Truancy: How to get your child to stop wagging/bunking school

If your child is falling into a pattern of ditching school, it’s time to get involved. It may not seem like a big deal, but it could be a sign that something’s wrong.

Cluey Learning Friday, 21 May 2021

The Education Act 1989 requires that all children in New Zealand attend school from their 6th until their 16th birthday, with limited exemptions. During this time, both parents/caregivers and schools have a responsibility to ensure children are regularly attending school.

It’s not uncommon, especially for teenagers and pre-teens, to miss a class or skip a few periods here and there. But when they go to town instead of attending school more often, you’ll get a phone call about it from the dean or principal.

It may not always seem like a big deal if your child has skipped a few lessons. You may even have done it yourself when you were at school. However, it’s important to deal with the issue as soon as it happens. It’s your responsibility as a parent to make sure your child goes to school every day it’s open unless there’s a genuine excuse like being sick.

What you can do to make it stop

If your child is falling into a pattern of recurrent truancy, you’ll want to get involved. Skipping school is a serious issue and if your child does it regularly, he or she is less likely to succeed at school and may leave without the education and qualifications they need to do well in life.

Wagging is against the law, but it can also be a sign that something’s not right for your child. Maybe they are having difficulty with their schoolwork, or there is an issue with other children at school or with a teacher. They could simply be bored with the routine, or something more serious could be the case, such as drug or alcohol use or mental health issues.

When you receive that call or a message from the school about your child being truant, it can be upsetting and disappointing. Try not to get angry, but instead try to talk to them about how they are feeling, and why they have been avoiding school.

Your child may be having some real problems which they need help with, so it’s important that you provide a safe and calm environment and allow them to talk openly and honestly about their reasons for not going to class.

The important thing is to keep communicating, with your child and the school. Let the school know about anything else that is going on, and ensure your child knows that you are on their side and look for help or additional support if you or your child needs it.

Take any contact from the school seriously and make sure that your son or daughter understands the importance of the situation. Let them know you want to help. If things go become heated, come back to the subject another time.

Setting boundaries is important for young people, so don’t try to barter with them or offer incentives. Many parents fall into the trap of bribing their kids to go to school. The issue with this is that they’ll probably do it again just to see what else they can get out of you. Attending school is something that’s required of your child, so rewarding them for attending is not the right approach.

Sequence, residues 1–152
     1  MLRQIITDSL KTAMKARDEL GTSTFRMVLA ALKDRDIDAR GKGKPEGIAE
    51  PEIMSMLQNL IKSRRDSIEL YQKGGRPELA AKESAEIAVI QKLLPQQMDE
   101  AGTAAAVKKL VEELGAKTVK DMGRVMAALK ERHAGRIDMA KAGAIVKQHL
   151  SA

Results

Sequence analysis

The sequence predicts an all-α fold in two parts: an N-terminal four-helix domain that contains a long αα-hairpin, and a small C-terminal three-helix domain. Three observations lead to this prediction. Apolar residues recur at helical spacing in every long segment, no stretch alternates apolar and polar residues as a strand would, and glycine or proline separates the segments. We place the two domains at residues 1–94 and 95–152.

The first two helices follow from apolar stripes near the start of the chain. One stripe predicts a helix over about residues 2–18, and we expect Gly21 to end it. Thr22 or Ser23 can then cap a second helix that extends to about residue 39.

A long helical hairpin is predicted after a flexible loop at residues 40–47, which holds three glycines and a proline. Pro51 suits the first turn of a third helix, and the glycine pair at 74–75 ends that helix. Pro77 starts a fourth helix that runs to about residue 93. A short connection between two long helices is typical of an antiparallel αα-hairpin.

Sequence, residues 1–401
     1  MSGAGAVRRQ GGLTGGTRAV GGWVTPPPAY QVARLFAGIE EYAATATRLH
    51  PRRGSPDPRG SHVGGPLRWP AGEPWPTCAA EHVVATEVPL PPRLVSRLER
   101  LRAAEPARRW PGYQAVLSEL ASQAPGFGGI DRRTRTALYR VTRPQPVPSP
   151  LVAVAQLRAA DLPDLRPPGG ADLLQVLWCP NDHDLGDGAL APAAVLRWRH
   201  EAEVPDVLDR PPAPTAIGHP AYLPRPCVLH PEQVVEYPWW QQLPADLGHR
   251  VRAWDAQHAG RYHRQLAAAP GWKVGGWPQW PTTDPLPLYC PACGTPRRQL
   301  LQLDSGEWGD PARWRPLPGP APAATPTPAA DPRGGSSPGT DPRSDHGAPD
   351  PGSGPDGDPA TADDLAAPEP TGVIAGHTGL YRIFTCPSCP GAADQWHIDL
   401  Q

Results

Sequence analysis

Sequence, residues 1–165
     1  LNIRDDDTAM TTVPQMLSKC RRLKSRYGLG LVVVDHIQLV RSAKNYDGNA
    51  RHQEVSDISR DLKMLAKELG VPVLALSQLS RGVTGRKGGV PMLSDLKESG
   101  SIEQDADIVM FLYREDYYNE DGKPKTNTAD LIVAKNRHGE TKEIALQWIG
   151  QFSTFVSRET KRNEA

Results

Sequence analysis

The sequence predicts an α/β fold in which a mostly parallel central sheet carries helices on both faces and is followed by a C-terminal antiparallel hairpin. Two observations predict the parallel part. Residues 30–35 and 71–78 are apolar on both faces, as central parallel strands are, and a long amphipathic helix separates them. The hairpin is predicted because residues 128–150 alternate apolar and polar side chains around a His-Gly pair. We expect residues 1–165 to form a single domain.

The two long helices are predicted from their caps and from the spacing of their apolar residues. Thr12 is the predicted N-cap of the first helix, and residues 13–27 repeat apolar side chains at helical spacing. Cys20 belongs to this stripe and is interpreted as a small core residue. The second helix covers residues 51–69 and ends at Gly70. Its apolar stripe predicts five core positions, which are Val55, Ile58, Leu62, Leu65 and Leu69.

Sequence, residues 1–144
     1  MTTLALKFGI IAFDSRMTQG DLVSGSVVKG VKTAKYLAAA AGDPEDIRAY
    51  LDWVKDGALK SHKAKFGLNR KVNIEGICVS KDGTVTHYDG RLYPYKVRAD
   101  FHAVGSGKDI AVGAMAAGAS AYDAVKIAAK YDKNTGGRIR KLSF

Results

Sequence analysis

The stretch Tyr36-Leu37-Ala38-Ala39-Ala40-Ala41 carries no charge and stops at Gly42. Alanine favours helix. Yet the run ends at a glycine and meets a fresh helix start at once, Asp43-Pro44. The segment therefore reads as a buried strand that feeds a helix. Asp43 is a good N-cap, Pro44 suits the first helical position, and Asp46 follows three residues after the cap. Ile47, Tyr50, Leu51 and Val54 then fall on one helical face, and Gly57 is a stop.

What if it keeps on happening?

If your child’s attendance doesn’t improve, the school can make a referral to the Attendance Service to help. You can also ask the school to make a referral, but only the school can make the referral. They’ll talk to you first about taking this step and explain what’s involved.

The Attendance Service helps by:

  • visiting schools to talk about children with attendance issues and give advice
  • visiting you at home and talking about what might be stopping your child from going to school
  • providing help to get your child back to school
  • arrange and attend family group conferences if needed
  • putting you in touch with other services that can help
  • going out and finding your child during school time and returning them to school

If your child continues to be truant, the school can consider it continual disobedience and suspend your child as a last resort. If this happens, the school and its board of trustees needs to follow the process for suspending a student. If your child is truant for more than 20 school days in a row with no good reason, and you haven’t been in touch with the school, the school can remove your child from the roll.

By the numbers

Research shows that every day away from school can affect results. For example, students attending 95% of days in Year 10 later get an average of 75 credits at Level 3 – more than enough to achieve the qualification. For students attending Year 10 for 85% of the time, only about half go on to achieve NCEA Level 3.

Each year, all primary and secondary schools provide their roll data for every day of Term 2 to the Education Ministry to monitor in its annual attendance survey. There are several measures but the most important is “regular attendance” – the proportion of students who go to school at least 90 per cent of the time.

Education Counts shows that students missing fewer than 10 percent of school half-days in year 11 are more than 80 percent likely to attain NCEA Level 1 by the end of Year 11, while students missing a third of their classes have only a 50/50 chance, and students making only half their classes have just over a 20 percent chance.

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